Reflection: Matthew 13: 44 – 46
Parables are short allegorical stories used to illustrate a specific point or truth. Unless we understand the focus of these illustrative stories, its thrust can be misinterpreted. In Matthew 13, the Lord explicated the multifaceted concept of the newly inaugurated kingdom of heaven (cf. Matt 3:2 & 4:17), all in parables. In these two inter-related analogies, Jesus is certainly not teaching about the ethics of buying property or taking advantage of material investment opportunities, nor is it about greed or buying our way into the kingdom of heaven. They depict a dichotomized view of the kingdom of heaven, similar to all the parables in this chapter: as represented by two men who came across something of inestimable value and their reactions to it, distinguishing them from those outside the kingdom.
Some background: Prior to the availability of banking services, burying one’s treasures was the norm in those days, in order to keep them safe in times of danger and turmoil, and the wealthy usually hide them in different parts of their estate. So finding someone’s aged buried treasure chest is rare, but a distinct possibility. The parable of the talents (Matt 25:14-30) illustrates this normal practice. Pearls are highly prized jewels, at times even more valuable than gold in the ancient world.
In both cases, after their discoveries, the men sold literally everything they possessed, in order to pay for their respective finds. The overwhelming joy of owning it (the parallelism in these verses enable us to assume that ‘joy’ was common in both), made them sell all they had willingly (v.44, 46), as they deduced that the treasure or pearl was worth much more than all they had ever owned. So how do these two parables relate to God’s kingdom?
The immediate lesson is that the kingdom of heaven is like a hidden treasure or a costly pearl that is waiting to be found by anyone who either seeks it accidentally (v.44) or purposefully (v. 45-46). And when it is discovered, the whole-hearted commitment to the kingdom entails a costly personal sacrifice of all they possessed, in order to enjoy its blessings.‘Selling everything he owned’ (vv.44, 46) will demand a change in their perspective and values; tantamount to turning their backs on their self-identified goals to single-mindedly pursue change at all levels of existence as they are consumed by the immediate rewards of the kingdom. There apparently are no half-measures in this radical ‘either-or’ situation. It reminds us of Paul’s practiced discipline in counting all things to be loss in view of the surpassing value of knowing Christ Jesus his Lord (Phil 3:8). Paul’s heart was melted by the love of God to the extent that it drew from him an unswerving reciprocal response of costly servanthood. The parable of the priceless pearl is hyperbolic, as it impoverished this merchant, unless he parted with his precious pearl. But again, the message is clear, to have found the kingdom is to find a pearl whose value eclipses all others put together.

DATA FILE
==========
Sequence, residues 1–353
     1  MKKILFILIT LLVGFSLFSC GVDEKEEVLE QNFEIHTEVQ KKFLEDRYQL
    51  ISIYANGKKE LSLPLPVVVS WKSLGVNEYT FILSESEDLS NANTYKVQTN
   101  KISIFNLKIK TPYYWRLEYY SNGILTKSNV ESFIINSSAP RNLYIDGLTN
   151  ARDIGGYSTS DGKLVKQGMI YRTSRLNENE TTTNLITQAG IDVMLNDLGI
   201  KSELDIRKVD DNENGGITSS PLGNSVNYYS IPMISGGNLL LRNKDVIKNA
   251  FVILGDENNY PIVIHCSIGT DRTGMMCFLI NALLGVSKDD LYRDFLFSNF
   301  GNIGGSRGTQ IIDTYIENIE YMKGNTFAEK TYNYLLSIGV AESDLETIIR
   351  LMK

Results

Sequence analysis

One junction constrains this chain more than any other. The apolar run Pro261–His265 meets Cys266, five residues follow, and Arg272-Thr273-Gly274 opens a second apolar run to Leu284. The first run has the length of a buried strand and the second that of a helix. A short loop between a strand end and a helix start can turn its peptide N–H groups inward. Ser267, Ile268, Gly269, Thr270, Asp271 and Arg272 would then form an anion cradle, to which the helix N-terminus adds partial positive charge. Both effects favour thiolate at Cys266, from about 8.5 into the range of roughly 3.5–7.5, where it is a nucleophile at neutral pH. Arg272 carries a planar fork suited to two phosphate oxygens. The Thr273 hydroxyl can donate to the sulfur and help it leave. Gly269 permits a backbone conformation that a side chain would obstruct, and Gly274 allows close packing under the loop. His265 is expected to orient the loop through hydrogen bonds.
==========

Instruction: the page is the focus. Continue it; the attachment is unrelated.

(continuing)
It can be somewhat traumatic to give up our independence and comfortable lifestyles for apparent heavenly intangibles as it impacts our individual identity, our social responsibility, and our earthy spiritual moorings.But the kingdom’s worth is incalculable by any criterion, being the greatest of treasures, and only its joyful inheritors who receive its message and respond in discipleship, have begun to experience the reality and wonder of the kingdom’s presence. They seek first the kingdom, sacrificing all to it, but paradoxically finding all they need in it, in this world (Matt 6:33; 10:39).